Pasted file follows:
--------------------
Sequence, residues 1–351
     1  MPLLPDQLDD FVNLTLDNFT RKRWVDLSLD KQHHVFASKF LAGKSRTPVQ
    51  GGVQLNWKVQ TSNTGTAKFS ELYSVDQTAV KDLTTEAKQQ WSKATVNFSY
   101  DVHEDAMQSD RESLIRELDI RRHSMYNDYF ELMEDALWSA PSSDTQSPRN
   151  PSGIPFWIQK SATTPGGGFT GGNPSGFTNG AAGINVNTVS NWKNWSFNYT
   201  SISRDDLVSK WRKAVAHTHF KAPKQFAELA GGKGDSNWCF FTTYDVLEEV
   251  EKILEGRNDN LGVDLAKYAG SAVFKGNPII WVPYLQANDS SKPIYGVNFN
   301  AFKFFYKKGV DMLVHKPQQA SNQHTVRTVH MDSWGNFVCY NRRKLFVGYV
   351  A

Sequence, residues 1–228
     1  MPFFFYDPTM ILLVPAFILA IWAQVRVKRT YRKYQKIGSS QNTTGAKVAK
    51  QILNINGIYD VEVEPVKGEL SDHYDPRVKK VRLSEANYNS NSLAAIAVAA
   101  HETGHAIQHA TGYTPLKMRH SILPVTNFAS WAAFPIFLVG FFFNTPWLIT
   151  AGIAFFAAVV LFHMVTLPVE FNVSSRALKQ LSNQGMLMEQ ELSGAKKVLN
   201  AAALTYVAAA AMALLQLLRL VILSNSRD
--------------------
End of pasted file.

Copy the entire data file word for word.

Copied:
Sequence, residues 1–351
     1  MPLLPDQLDD FVNLTLDNFT RKRWVDLSLD KQHHVFASKF LAGKSRTPVQ
    51  GGVQLNWKVQ TSNTGTAKFS ELYSVDQTAV KDLTTEAKQQ WSKATVNFSY
   101  DVHEDAMQSD RESLIRELDI RRHSMYNDYF ELMEDALWSA PSSDTQSPRN
   151  PSGIPFWIQK SATTPGGGFT GGNPSGFTNG AAGINVNTVS NWKNWSFNYT
   201  SISRDDLVSK WRKAVAHTHF KAPKQFAELA GGKGDSNWCF FTTYDVLEEV
   251  EKILEGRNDN LGVDLAKYAG SAVFKGNPII WVPYLQANDS SKPIYGVNFN
   301  AFKFFYKKGV DMLVHKPQQA SNQHTVRTVH MDSWGNFVCY NRRKLFVGYV
   351  A

Sequence, residues 1–228
     1  MPFFFYDPTM ILLVPAFILA IWAQVRVKRT YRKYQKIGSS QNTTGAKVAK
    51  QILNINGIYD VEVEPVKGEL SDHYDPRVKK VRLSEANYNS NSLAAIAVAA
   101  HETGHAIQHA TGYTPLKMRH SILPVTNFAS WAAFPIFLVG FFFNTPWLIT
   151  AGIAFFAAVV LFHMVTLPVE FNVSSRALKQ LSNQGMLMEQ ELSGAKKVLN
   201  AAALTYVAAA AMALLQLLRL VILSNSRD